Symptoms and stages of migraine
Learn more about the most common symptoms of migraine and the different stages or phases of attacks
Not everyone will have a ‘typical’ migraine. There are different types of migraine that involve different symptoms.
The most common symptoms of a migraine attack include throbbing headache, sensitivity to light and noise, nausea (feeling sick), vomiting (being sick) and lethargy (lack of energy).
Migraine attack stages or phases
It is often difficult to predict when a migraine attack is going to happen. However, you can often predict the pattern of each attack as there are well defined stages. It is these stages and their symptoms which distinguish a migraine from a headache.
In adults, we can divide a migraine attack into four or five stages that lead on from each other:
- Premonitory or warning phase
- Aura (not always present)
- The headache or main attack stage
- Recovery or postdrome stage
Learning to recognise the different phases of a migraine attack can be useful. You might get one, all, or a combination of these stages, and the combination of stages may vary from attack to attack. Each phase can vary in length and severity.
Recognising different symptoms at different times during your headache attack can give a doctor information which may help diagnosis. Also, taking medication before the symptoms have fully developed may reduce the effect of an attack. A child’s migraine attack is often much shorter than an adult’s attack, and it may therefore not be possible to fully make out the different headache phases.
This describes certain physical and mental changes such as tiredness, craving sweet foods, mood changes, feeling thirsty and a stiff neck. These feelings can last from 1 to 24 hours.
The aura of migraine includes a wide range of neurological symptoms. This stage can last from 5 to 60 minutes, and usually happens before the headache. Migraine without aura does not include this stage.
In some people, changes in the cortex area of the brain cause changes in their sight, such as dark spots, coloured spots, sparkles or ‘stars’, and zigzag lines. Numbness or tingling, weakness, and dizziness or vertigo (the feeling of everything spinning) can also happen. Speech and hearing can also be disturbed, and people with migraine have reported memory changes, feelings of fear and confusion, and more rarely, partial paralysis or fainting. These neurological symptoms are called the ‘aura’ of migraine. In adults, they usually happen before the headache itself, but in children, they may happen at the same time as the headache. It is possible to have the aura symptoms without the headache. We have more information about aura here.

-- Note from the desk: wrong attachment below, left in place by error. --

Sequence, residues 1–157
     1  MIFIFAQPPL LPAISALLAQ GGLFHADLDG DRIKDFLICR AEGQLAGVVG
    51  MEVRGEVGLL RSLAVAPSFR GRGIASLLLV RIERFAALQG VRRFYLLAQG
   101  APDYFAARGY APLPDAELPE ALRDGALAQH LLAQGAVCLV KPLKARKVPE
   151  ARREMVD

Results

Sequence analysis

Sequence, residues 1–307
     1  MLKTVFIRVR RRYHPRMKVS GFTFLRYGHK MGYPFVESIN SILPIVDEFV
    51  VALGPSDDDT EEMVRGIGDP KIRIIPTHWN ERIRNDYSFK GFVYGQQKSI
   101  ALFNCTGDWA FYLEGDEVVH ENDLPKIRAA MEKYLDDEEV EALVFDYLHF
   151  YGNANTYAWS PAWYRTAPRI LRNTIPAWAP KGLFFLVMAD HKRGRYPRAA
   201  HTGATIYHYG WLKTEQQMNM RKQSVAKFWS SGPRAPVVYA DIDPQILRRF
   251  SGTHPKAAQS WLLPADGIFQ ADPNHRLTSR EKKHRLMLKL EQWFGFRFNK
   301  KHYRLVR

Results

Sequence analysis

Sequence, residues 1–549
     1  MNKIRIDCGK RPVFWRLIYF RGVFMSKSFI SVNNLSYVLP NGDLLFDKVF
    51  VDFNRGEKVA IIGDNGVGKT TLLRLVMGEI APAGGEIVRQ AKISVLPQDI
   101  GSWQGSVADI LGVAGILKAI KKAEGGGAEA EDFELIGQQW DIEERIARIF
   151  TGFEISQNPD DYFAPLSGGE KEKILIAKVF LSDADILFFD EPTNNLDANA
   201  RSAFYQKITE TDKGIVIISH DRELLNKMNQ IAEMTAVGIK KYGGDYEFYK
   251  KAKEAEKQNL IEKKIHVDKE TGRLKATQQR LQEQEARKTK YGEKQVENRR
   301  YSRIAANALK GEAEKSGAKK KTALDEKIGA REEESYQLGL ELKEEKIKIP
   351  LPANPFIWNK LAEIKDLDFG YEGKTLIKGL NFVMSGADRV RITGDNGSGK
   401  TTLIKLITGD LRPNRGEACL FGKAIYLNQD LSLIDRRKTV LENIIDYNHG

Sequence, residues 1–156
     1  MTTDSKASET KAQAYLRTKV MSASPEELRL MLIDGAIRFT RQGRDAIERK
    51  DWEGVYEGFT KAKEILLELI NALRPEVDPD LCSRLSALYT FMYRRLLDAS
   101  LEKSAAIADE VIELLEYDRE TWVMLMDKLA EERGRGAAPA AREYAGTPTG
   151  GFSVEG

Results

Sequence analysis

The headache or main attack stage
This stage involves head pain which can be severe, even unbearable. The headache is typically throbbing, and made worse by movement. Some people describe a pressing or tightening pain. The headache is usually on one side of the head, especially at the start of an attack. However, it is not uncommon to get pain on both sides, or all over the head. Nausea (sickness) and vomiting (being sick) can happen at this stage, and the person with migraine may feel sensitive to light or sound, or both.
Most attacks slowly fade away, but some stop suddenly after the person with migraine is sick, or cries a lot. Sleep seems to help many people, who find that even an hour or two can be enough to end an attack. Many children find that sleeping for just a few minutes can stop their attack.
Recovery or postdrome stage
This is the final stage of an attack, and it can take hours or days for a ‘hangover’ type feeling to disappear. Symptoms can be similar to those of the first stage, and often they are mirrored symptoms. For example, if you lost your appetite at the beginning of the attack, you might be very hungry now. If you were tired, now you might feel full of energy.